The American Cinematographer Video manual, 1st edition, page 137 gives the exact procedure in detail for establishing an expose index. If you don't have the American Cinematographer Video Manual, I recommend that you obtain a copy. It's an excellent reference. American Cinematographer magazine is sold on the newsstands. Although they cater to film shooters, DV and HD video are slowly creeping in.

There are some who believe that a light meter is not needed as the videocamera itself automatically adjusts to give the best picture. I beleve it can be a useful tool, especially when the camcorder is not available.

Doc Rock: Steve's advice is good. I'd just like to add that you use the meter to determine the ratio between key light, fill light, back light et al. I use an incident meter most of the time, which means that, from the subjects position, you point the meter at the light source, and establish a ratio of 2 for key, 1 for fill and 2 or more for the back light (to give great highlights and rim). Measure the key without the other lights, the fill by itself, etc. I'd recommend a meter that lets you measure either incident or reflected light according to the situation.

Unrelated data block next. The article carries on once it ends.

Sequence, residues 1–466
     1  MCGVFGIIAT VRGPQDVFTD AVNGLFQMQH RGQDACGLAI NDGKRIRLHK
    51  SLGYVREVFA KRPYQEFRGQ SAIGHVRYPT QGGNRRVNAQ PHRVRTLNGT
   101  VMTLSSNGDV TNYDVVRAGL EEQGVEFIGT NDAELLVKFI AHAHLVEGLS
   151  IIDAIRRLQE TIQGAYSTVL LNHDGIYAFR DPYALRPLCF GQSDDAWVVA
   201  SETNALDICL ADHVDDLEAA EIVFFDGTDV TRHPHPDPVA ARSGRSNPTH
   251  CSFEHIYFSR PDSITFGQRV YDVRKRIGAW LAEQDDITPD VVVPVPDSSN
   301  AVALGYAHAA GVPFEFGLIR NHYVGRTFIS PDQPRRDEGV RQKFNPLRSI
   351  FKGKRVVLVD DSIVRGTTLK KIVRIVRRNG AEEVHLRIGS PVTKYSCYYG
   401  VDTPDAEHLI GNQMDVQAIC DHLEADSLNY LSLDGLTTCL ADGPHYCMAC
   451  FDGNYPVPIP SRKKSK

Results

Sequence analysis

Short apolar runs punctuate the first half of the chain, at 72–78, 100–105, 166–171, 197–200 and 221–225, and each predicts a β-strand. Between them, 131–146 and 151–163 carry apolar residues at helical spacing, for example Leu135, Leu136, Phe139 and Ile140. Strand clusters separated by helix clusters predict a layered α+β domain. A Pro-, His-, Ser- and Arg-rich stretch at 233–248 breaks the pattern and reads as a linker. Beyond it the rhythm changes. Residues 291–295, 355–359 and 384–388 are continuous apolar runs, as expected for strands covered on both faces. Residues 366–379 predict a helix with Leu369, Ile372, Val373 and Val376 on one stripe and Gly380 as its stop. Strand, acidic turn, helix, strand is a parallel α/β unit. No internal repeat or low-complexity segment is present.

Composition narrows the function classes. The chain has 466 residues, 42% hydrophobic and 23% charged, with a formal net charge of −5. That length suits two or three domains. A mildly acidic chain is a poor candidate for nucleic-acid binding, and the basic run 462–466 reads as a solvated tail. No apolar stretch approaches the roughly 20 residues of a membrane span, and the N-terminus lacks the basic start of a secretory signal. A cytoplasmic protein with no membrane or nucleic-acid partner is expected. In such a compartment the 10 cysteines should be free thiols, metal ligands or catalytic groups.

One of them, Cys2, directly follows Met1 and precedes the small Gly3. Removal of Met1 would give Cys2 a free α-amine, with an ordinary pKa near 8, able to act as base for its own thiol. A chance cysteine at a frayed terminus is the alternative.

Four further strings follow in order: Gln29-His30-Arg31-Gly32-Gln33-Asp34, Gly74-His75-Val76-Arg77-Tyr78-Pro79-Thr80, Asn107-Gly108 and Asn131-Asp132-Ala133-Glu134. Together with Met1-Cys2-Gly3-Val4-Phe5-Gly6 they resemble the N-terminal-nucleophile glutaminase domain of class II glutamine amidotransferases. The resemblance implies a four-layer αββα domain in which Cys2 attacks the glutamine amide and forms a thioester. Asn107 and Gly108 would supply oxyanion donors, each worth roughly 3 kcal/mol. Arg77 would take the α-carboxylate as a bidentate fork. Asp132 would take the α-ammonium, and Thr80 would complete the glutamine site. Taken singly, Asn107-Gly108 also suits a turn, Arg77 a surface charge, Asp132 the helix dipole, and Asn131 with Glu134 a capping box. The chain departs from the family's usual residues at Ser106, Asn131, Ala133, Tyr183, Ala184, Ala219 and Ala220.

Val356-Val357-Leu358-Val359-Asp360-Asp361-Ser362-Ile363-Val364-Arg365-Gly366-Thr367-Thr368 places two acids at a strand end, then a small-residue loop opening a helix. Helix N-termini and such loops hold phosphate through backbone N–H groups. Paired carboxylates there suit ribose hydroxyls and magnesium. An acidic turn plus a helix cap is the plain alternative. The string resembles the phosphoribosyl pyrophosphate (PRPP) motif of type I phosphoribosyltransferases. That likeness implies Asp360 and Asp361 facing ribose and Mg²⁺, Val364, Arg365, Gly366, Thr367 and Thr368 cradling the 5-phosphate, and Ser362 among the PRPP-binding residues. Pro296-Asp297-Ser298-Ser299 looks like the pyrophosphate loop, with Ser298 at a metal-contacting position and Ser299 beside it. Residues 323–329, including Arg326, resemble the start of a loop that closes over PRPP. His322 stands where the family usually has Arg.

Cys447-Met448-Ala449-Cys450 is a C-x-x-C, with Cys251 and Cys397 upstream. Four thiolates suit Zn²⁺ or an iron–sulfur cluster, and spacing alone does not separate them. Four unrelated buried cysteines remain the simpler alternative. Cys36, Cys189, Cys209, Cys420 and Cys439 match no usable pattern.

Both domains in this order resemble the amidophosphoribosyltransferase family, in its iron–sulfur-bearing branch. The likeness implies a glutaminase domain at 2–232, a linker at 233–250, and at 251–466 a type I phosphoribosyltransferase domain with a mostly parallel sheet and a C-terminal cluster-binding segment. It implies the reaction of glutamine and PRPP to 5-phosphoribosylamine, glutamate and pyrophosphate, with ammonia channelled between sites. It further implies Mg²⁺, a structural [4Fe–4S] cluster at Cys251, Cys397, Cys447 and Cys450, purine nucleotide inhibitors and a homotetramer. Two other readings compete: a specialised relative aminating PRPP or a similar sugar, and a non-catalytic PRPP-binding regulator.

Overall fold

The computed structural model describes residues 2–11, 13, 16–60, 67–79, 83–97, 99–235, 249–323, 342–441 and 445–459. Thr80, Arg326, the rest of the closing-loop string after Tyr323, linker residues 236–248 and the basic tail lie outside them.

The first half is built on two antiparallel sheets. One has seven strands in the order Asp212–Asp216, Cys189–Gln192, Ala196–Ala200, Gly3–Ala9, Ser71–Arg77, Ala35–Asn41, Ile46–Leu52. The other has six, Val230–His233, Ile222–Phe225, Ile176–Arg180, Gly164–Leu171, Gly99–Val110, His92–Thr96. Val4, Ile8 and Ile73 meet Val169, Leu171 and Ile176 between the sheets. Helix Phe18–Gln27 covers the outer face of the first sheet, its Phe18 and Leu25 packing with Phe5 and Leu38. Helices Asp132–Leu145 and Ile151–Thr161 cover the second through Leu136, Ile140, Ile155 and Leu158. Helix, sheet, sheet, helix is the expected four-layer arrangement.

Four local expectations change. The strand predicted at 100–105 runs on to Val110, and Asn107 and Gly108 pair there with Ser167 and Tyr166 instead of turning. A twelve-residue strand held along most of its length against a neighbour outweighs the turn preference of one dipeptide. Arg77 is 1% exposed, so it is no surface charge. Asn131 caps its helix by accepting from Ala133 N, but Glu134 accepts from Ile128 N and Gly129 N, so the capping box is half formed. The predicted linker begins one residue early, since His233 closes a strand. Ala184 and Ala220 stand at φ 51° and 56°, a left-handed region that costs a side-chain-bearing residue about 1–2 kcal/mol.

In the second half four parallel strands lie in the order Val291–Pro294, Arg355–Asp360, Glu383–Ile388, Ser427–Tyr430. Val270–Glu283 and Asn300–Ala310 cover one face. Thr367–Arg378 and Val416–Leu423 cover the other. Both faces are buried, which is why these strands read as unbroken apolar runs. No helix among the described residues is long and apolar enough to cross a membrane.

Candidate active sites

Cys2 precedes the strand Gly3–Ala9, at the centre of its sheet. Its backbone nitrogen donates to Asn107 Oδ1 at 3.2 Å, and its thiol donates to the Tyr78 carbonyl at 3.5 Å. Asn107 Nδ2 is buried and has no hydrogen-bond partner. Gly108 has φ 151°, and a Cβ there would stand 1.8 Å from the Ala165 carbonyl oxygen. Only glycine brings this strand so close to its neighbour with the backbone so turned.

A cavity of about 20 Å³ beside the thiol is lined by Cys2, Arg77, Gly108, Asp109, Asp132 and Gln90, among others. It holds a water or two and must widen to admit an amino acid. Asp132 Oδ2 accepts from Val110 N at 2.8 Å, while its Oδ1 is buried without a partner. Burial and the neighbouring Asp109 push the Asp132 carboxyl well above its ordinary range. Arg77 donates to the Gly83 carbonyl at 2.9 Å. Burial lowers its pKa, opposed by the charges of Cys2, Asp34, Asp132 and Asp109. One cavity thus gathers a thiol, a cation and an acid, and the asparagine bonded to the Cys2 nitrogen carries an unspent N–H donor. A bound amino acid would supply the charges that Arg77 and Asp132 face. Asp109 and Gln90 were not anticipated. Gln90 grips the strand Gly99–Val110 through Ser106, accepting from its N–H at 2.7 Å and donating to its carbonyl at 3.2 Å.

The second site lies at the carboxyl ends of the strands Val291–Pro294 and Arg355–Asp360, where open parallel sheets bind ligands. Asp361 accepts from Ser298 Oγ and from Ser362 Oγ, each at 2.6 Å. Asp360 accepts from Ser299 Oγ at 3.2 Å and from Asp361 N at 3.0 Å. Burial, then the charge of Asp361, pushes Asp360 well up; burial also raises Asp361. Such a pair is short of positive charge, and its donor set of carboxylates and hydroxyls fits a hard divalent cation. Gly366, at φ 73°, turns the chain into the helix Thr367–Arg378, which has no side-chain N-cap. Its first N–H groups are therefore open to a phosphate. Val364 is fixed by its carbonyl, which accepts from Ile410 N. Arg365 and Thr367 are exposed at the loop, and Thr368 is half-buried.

George Walker: In one sense, it doesn't matter what is the ASA rating of your CCD chips. Lets say you set your light meter to an ASA rating of 100. Typically you would then go to the position where the talent will stand and you take a reading, using the white incident light cover over the sensor, with all the lights on. It'll show something like f/8. Now move around the set to see what the other readings are. Bigger numbers mean there is less light reaching the sensor (f/11, f/16, f/22) and smaller numbers mean there is less light reaching the sensor (f/5.6, f/4, f/2). For still photographers, the reading tells them that with ASA 100 film, to perfectly expose the film at that position with that lighting, set the camera to what's shown on the meter, e.g. f/8... usually with 1/10ths of a stop... f/8 +7/10ths.